We’ve come a long way since that ad above might have been acceptable. If it, or anything similar to it, were reproduced today, well, it’s pretty obvious that the backlash would be indescribable. There was a time when women weren’t allowed to speak in public, vote, or to work where men worked. Just this past election, a woman ran for the office of President. Times have changed and women are slowly, but surely, being recognized as equal to men. Or are they? Does sexism still exist when women can hold public office, lead companies as executives, fly into space, and serve as some of the most respected and iconic figures of our time? I was sparked to write this after reading a brief post on feminism from a site, appropriately enough, called Superfem. (Since a particular post moved me to writing this, I might be referencing it a few times and offer my opinions and disagreements.) The answer to the question about sexism is yes. Yes, sexism still exists and it’s much worse than we think.


Ahh, Starbucks… many of us need our daily dose. For the most part, we associate Starbucks with trying to do good things — recycled heat sleeves, cups using less plastic, recycled materials, eco-friendly products — but it turns out they are wasting quite a bit of water according to environmentalists in the UK. We’ve all seen it before: There is a little mini-sink where they put spoons and other items that get reused and there is a small stream of water continuously streaming through. If anyone has had to collect dripping water from an air-conditioning unit of any kind, you know just how much a little water can accumulate over time. Naturally, the wacky environmentalists would cause an uproar.

In defense of Starbucks, the company says it is necessary in order to meet sanitation needs. The constantly flow of fresh, clean water washes away bacteria and other toxins that would otherwise accumulate and potentially cause health hazards. Starbucks also says it meets U.N. standards and is actually not using that much water in terms of the necessity for it. They have heard the environmentalists and may appease them by finding other ways of sanitation, such as a dishwasher or perhaps even a steamer. What do you think? Is it a perfectly reasonable sacrifice to make in order to prevent customers from getting sick? Or can Starbucks achieve the same results using less wasteful methods?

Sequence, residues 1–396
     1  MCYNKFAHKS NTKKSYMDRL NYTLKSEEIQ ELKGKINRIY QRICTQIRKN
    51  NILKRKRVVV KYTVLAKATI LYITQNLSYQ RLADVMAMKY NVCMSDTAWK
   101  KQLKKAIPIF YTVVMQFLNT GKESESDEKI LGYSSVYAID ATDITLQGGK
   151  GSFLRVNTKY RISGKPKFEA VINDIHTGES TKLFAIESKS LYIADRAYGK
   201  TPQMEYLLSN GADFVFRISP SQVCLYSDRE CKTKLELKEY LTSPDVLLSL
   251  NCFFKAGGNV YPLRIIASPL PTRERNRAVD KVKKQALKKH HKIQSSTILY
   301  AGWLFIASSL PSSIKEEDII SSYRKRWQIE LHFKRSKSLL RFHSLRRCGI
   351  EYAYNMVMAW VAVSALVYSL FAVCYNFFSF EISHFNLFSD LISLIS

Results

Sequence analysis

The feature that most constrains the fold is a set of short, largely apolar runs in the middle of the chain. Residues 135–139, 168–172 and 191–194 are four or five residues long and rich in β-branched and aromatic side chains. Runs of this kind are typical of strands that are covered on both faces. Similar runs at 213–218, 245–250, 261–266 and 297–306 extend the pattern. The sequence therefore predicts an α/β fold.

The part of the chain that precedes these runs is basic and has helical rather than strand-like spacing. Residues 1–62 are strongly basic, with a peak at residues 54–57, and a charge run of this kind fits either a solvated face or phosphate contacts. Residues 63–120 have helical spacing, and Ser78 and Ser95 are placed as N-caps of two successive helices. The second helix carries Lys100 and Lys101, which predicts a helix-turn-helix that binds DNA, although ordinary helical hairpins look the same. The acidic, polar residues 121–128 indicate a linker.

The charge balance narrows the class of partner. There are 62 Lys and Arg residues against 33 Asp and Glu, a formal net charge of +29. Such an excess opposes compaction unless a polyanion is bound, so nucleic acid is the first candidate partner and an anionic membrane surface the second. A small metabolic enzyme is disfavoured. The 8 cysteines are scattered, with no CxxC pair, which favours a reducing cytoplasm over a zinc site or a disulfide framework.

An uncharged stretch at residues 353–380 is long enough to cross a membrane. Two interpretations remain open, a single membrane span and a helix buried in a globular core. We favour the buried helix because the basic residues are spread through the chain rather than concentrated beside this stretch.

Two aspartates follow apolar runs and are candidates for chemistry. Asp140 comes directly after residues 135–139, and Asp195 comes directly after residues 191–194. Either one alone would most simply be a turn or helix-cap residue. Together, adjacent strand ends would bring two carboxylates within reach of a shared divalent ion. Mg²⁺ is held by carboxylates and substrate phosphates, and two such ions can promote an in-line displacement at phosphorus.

[Via BBC]

Life is certainly a precious gift, as clich√© as that may seem, but for Kirsten Brydum life was cut far too short. At the young age of 25, Kirsten had already accomplished so much and undoubtedly changed many lives. She was an activist in San Francisco, and by a simple Google search, it’s easy to see how much she will be missed. Kristen, the organizer of Really Really Free Market in San Francisco, was brutally murdered in the city of New Orleans on September 26, 2008. The murderer fired several shots into Kristen’s head after a robbery attempt, making it difficult for her to be identified.¬† The killer is still out on the loose.

This is a sad reminder of just how wicked the world can be, so I hope that everyone can do their part in making life a little easier for everyone. Let’s not let Kirsten’s death be in vain and certainly do not let a tragedy be the only thing that motivates us to do good whenever we can. Appreciate life, appreciate your friends and family, and most of all appreciate your fellow human beings. Hit the following links for more information regarding Kirsten’s life, her contributions to humanity, and for her memorial.

Virtual Memories

Ryan Is Hungry

SF Gate